Okay, so we’ve gone over the tech specs – the new Nexus 7 is better than the first Nexus 7. No surprises there then. Why does this matter? It matters for several reasons and they all point to the same result – that Android tablets are going to overtake the iPad and iPad Mini just as Android smartphones (mostly Samsung) overtook the iPhone. Before the Nexus 7, the iPad reigned supreme because it had a healthy app ecosystem (i.e. apps made specifically for tablets), and it had the hardware to create a fluid user experience. Meanwhile, Android tablets had no specific apps and were of made with poor quality hardware. The Nexus 7 changed all that. Google and Asus created a fantastic product at a price point that was hard to resist.
Even after more than a year the Nexus 7 is on the shelves of every high street electrical department. That undoubtedly says something. Despite that, over a year is a long time in the technology world and the Nexus 7 was certainly showing its age, and it needed a refresh – enter stage-left the 2013 Nexus 7. The new tablet will sell for a slightly higher price than before, but not so high as to be prohibitive. Which means it still undercuts the iPad Mini – which is its direct competition.
As for tablet apps, Android is catching up. More and more apps are being optimised for tablets, plus Android apps are generally improved thanks to the Holo design guidelines from Google. There are several Android apps that I’d class as ‘hero’ apps that are seriously showing how stylish and elegant Android apps can be:
Feedly and Flipboard
I’ve grouped these together because they have a strong feature in common – that is they aggregate your RSS feeds (sourced from Google Reader until it’s shutdown) together into stylish looking magazine format. Perhaps such apps have traditionally been the bread and butter tools of power bloggers, but everybody likes news and the aesthetic analogue to glossy magazines make them far more approachable to users who are primarily consumers rather than creators.
There’s an intriguing contrast between the two apps as Flipboard gives a much more visceral sense of turning pages with its graphics accelerated page transitions. However, its menus are just black and white; meanwhile Feedly embraces color in its folder menu and interstitial pages between feeds. Both are interesting in their feature set too. Feedly is taking up the mantle of Google Reader by promising to provide its own feed gathering system to provide a seamless transition when Google eventually turns off the Reader service. Meanwhile, Flipboard has rolled out a new facet to its service by allowing individual users to publish their own curated ‘magazines’ of content through Flipboard that other users can subscribe to.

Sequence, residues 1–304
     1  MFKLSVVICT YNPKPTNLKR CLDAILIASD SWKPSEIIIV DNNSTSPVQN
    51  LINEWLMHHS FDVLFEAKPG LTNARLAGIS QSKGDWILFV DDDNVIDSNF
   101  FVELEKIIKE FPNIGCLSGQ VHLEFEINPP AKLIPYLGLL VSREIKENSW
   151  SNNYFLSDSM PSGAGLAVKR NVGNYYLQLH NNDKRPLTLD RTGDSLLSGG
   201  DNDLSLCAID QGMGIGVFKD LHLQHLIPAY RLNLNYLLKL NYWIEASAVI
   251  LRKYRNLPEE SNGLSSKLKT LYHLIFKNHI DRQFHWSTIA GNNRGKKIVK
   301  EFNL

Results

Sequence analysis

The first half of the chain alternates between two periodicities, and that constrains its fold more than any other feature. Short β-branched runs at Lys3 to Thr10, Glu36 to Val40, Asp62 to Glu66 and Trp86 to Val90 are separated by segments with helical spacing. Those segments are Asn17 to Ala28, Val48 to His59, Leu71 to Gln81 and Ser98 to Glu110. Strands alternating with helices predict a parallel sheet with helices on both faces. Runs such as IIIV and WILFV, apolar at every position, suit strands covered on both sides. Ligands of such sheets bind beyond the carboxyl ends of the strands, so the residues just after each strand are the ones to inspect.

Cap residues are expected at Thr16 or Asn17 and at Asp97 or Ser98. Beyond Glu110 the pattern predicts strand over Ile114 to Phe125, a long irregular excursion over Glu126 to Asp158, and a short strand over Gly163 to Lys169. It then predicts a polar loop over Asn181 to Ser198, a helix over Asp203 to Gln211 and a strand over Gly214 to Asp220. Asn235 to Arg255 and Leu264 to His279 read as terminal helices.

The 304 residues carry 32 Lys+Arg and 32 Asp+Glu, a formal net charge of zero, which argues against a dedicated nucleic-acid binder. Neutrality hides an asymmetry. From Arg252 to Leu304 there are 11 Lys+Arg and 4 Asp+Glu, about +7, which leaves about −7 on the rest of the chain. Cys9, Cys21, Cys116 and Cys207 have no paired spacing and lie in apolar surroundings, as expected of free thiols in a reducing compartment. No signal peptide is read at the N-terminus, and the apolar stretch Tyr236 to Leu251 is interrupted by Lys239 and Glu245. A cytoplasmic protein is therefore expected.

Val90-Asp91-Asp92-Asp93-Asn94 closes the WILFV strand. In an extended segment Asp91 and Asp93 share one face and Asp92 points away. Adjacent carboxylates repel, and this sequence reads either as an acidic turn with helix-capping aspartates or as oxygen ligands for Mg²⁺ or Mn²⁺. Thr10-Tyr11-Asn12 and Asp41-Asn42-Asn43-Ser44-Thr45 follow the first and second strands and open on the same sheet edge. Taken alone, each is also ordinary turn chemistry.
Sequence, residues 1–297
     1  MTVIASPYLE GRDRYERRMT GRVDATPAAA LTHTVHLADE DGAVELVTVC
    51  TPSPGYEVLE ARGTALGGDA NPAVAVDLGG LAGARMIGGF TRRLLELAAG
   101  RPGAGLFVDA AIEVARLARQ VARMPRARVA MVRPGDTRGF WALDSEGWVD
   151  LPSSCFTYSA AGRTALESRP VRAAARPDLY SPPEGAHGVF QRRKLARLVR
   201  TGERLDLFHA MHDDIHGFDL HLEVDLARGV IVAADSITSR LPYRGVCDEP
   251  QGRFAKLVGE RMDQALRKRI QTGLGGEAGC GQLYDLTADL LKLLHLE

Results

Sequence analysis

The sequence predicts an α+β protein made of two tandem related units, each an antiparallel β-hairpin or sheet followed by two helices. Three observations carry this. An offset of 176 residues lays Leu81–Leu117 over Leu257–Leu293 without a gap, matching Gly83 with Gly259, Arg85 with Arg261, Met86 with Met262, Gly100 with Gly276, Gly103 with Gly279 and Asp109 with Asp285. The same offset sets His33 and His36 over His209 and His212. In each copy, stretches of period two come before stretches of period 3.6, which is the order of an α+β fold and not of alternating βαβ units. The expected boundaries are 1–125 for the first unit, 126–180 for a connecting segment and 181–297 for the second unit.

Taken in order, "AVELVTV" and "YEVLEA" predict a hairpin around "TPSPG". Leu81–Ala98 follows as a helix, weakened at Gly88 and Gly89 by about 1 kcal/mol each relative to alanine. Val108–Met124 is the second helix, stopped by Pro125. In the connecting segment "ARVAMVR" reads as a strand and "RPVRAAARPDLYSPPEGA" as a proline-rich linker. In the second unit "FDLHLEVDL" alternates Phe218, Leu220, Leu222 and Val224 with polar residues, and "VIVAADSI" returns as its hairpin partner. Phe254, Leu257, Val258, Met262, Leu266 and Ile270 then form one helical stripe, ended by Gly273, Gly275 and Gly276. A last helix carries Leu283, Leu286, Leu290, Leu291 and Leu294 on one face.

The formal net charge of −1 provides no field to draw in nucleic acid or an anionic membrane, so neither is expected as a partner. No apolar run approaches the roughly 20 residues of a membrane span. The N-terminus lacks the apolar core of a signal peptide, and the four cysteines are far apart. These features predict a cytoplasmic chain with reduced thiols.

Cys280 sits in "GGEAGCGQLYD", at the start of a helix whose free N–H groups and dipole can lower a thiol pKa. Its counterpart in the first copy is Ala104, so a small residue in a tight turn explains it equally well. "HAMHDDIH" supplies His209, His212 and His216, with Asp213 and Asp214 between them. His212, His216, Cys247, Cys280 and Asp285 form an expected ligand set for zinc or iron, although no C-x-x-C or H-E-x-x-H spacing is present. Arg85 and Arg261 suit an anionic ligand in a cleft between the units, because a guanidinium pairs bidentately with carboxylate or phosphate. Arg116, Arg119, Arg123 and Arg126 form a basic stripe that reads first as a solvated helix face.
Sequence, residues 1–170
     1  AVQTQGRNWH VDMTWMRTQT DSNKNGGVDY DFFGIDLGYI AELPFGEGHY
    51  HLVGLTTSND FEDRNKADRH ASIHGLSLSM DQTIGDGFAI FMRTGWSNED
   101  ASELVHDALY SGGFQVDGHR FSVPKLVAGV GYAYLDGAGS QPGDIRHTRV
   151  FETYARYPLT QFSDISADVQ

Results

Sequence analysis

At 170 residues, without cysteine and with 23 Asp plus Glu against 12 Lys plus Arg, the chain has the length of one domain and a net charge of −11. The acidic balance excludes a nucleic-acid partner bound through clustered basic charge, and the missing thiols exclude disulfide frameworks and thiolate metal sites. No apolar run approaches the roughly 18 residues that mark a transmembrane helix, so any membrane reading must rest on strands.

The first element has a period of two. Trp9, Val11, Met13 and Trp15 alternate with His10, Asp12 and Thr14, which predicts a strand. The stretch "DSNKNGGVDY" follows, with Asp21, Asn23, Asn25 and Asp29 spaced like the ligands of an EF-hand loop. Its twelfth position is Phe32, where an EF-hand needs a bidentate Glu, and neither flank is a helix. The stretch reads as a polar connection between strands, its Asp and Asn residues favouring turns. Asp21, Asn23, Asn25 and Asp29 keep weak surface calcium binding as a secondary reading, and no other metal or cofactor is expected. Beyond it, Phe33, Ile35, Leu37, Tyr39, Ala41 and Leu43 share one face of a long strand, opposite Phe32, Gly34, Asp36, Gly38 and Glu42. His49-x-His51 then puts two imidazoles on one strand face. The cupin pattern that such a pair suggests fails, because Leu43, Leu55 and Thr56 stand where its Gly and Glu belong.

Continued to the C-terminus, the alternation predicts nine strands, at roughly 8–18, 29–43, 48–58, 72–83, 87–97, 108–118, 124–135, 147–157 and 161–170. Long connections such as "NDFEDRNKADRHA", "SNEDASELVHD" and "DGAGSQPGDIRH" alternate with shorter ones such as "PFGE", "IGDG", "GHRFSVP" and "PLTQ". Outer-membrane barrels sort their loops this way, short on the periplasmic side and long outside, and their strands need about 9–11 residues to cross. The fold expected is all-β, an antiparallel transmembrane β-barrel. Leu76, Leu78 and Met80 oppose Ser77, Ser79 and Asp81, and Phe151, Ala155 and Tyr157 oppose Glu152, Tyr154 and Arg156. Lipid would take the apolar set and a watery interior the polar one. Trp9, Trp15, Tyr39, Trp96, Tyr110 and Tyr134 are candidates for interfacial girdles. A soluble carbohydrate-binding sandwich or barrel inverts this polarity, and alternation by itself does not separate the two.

This podcast client is an interesting example of developers giving precedence to their Android version over their iOS app. Pocket Casts on iOS is a capable app, but bears no resemblance to the newly designed Android version. It’s not just in aesthetics though – the Android version of Pocket Casts boasts a synchronization feature that lets you sync your subscriptions and playback positions across multiple Android devices.
As for the looks of Pocket Casts, it shares a lot with Feedly and the other apps we’re looking at in this article. It shows a extremely clean minimalist interface, with most of the features
This is a Twitter app that works perfectly on phones, but seamlessly expands to take advantage of the extra screen space on tablets. When in landscape mode, the Twitter timeline is shown on the left while a large content pane on the right shows the content that a selected tweet was linking too or to a conversation mode.
Carbon is another Twitter app for Android, which makes a point of telling its customers that this is not a tablet optimised app (but that one is coming). However, this app is a impressive demonstration of how well Android apps for phones scale to tablets – much better than I’m told is the case for iPhone apps on the iPad.